Whew! That was so fun!
This week I had the awesome privilege of turning a beautiful blank of Australian Yellow Box Wood from Exotic Wood Zone. It went so well!
You may recall that I recently turned some awesome Australian Red Mallee Burl, but it gave me fits when I got to the inside. My tool was jouncing all over the place and I had a tough time staying on the bevel. I know it was likely my inexperience, but I was a little nervous trying another exotic piece from Australia.
I shouldn’t have worried! It was glorious, start to finish! Honestly, I was smiling my whole way through.
As I turned it around, my eyes were growing wider watching the beautiful patterns of the wood emerge. You could tell right away that it would be a show stopper.
I hope you don’t shrug at my enthusiasm; it’s true that I have limited experience with turning burl and so I get super excited over its beauty each and every time.
Somehow I thought that the grain going in so many directions would mean difficult turning, but this went quite smoothly and without a hitch. I made sure to keep my bowl gouge sharp and smiled the whole time I shaped the outside—and even (shock!) as I sanded through the grits. I just couldn’t believe how pretty it is!
I had a small fissure to mend and the glue brought out the incredible sheen of the wood. Wow! I was excited about what lay ahead. It seemed a shame to sand away the glue’s gloss, but I was ready to flip it and get to the inside. Even though I’d struggled a bit with the last blank’s interior, I was encouraged by the ease so far on this yellow boxwood. Eagerly, I flipped it around and set up the jam chuck.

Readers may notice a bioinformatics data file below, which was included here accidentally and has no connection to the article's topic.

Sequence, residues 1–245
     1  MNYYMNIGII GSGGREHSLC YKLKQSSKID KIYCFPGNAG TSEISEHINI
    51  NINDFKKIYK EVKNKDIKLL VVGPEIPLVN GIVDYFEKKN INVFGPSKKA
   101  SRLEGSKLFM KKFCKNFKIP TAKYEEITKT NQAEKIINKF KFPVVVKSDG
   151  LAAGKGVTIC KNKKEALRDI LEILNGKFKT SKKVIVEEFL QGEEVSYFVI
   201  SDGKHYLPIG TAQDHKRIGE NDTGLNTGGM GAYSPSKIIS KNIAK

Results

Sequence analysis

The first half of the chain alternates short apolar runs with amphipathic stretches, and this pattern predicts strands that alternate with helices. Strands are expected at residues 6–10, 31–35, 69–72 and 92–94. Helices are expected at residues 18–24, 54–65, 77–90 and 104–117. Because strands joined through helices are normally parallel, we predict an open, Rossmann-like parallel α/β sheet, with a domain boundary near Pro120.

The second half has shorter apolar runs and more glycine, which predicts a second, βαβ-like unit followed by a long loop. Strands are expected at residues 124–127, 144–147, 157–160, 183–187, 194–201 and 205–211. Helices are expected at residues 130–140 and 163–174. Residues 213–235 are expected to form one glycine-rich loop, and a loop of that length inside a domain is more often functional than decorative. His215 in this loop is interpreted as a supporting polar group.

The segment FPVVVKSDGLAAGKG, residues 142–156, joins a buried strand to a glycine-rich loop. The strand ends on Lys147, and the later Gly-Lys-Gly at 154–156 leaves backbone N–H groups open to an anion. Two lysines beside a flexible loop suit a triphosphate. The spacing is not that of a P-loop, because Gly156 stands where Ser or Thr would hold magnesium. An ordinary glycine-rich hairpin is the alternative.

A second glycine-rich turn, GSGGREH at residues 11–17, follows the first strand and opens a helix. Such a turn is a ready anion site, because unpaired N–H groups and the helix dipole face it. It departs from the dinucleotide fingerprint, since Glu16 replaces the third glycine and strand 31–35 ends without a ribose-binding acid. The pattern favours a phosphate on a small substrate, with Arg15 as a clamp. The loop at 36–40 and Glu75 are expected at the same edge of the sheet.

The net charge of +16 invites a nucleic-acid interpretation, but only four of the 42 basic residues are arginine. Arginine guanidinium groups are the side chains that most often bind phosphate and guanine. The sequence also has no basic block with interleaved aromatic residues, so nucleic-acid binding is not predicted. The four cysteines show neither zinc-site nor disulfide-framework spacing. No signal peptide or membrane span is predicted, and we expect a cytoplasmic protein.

Taking out the bowl’s center mass went pretty quickly, though I spent extra time making passes to mirror the exterior’s sloping curve. I do have calipers, but generally, trust what my fingers detect as I test the bowl’s thickness. I was determined on this one to get consistency all the way to the base.
It took a few passes and I tried to be bold, rather than stopping shy of what I want (as I usually do and regret later). I had left a generous shoulder on the tenon, so I knew I’d have room to spare. There was no way I wanted to waste this piece of gorgeous timber! No bracelets allowed today.
Finally, I had it just right and carried it into my house for the night. Northern California’s heat is something awful this time of year and there was no way I was risking it being damaged somehow.
This morning, I canceled our kayaking trip, because I just couldn’t wait to get back down to my shop to take off the tenon and complete the bowl. I knew it was something special!
I decided that, in order to create the illusion of a continuous curve through the base, I would attempt to create a base that dipped fairly deeply inside. I’d just received a new tool, designed for creating captive rings on goblets, and a light bulb went off in my mind. WHAT IF!!
Sure enough, when I placed it flat on the tool rest then touched the curved tip of the Hamlet tool to the inner wall of my tenon, a beautiful dip was created. I was thrilled! All that was left was a bit of tapping with my mallet and chisel to remove the tenon’s nub, then a bit more sanding.
As always, woodburning my signature into the base and following it with the glossy sheen of Mahoney’s Walnut Oil was my favorite part. Oh, my word the bowl is stunning!
I sat it atop a post on my farm and the sun’s glow brought out the lush color of the exotic burl’s crazy grain. I literally danced! (Seriously… ask my dogs. They see this often. Ha)
It’s a bowl worth celebrating! Thanks, Exotic Wood Zone for giving me a chance to create something so beautiful and enduring! I absolutely love legacy pieces like this.
I daydream about how, with luck, they’ll stay in my family for generations! Someday, somewhere, someone will wonder about the person who made it and how on earth I connected with something so beautiful from the other side of the world.
Let’s hope they can read this blog!